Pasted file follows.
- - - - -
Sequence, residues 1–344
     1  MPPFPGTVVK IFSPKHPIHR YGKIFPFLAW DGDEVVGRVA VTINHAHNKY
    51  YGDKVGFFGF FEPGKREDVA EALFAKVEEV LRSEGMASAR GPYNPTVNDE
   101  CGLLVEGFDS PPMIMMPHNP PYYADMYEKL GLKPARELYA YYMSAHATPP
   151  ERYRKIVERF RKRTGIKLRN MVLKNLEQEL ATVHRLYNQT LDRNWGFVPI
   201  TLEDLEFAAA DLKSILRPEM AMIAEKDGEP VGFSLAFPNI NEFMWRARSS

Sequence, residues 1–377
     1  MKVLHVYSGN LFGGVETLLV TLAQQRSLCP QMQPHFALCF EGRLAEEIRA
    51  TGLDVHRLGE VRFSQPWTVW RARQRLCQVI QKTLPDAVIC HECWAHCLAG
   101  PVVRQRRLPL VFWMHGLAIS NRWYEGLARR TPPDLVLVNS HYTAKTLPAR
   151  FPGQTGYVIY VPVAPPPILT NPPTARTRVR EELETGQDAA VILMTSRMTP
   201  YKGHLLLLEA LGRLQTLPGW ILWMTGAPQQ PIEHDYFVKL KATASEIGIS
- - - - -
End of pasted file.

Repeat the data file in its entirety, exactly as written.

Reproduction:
Sequence, residues 1–344
     1  MPPFPGTVVK IFSPKHPIHR YGKIFPFLAW DGDEVVGRVA VTINHAHNKY
    51  YGDKVGFFGF FEPGKREDVA EALFAKVEEV LRSEGMASAR GPYNPTVNDE
   101  CGLLVEGFDS PPMIMMPHNP PYYADMYEKL GLKPARELYA YYMSAHATPP
   151  ERYRKIVERF RKRTGIKLRN MVLKNLEQEL ATVHRLYNQT LDRNWGFVPI
   201  TLEDLEFAAA DLKSILRPEM AMIAEKDGEP VGFSLAFPNI NEFMWRARSS

Sequence, residues 1–377
     1  MKVLHVYSGN LFGGVETLLV TLAQQRSLCP QMQPHFALCF EGRLAEEIRA
    51  TGLDVHRLGE VRFSQPWTVW RARQRLCQVI QKTLPDAVIC HECWAHCLAG
   101  PVVRQRRLPL VFWMHGLAIS NRWYEGLARR TPPDLVLVNS HYTAKTLPAR
   151  FPGQTGYVIY VPVAPPPILT NPPTARTRVR EELETGQDAA VILMTSRMTP
   201  YKGHLLLLEA LGRLQTLPGW ILWMTGAPQQ PIEHDYFVKL KATASEIGIS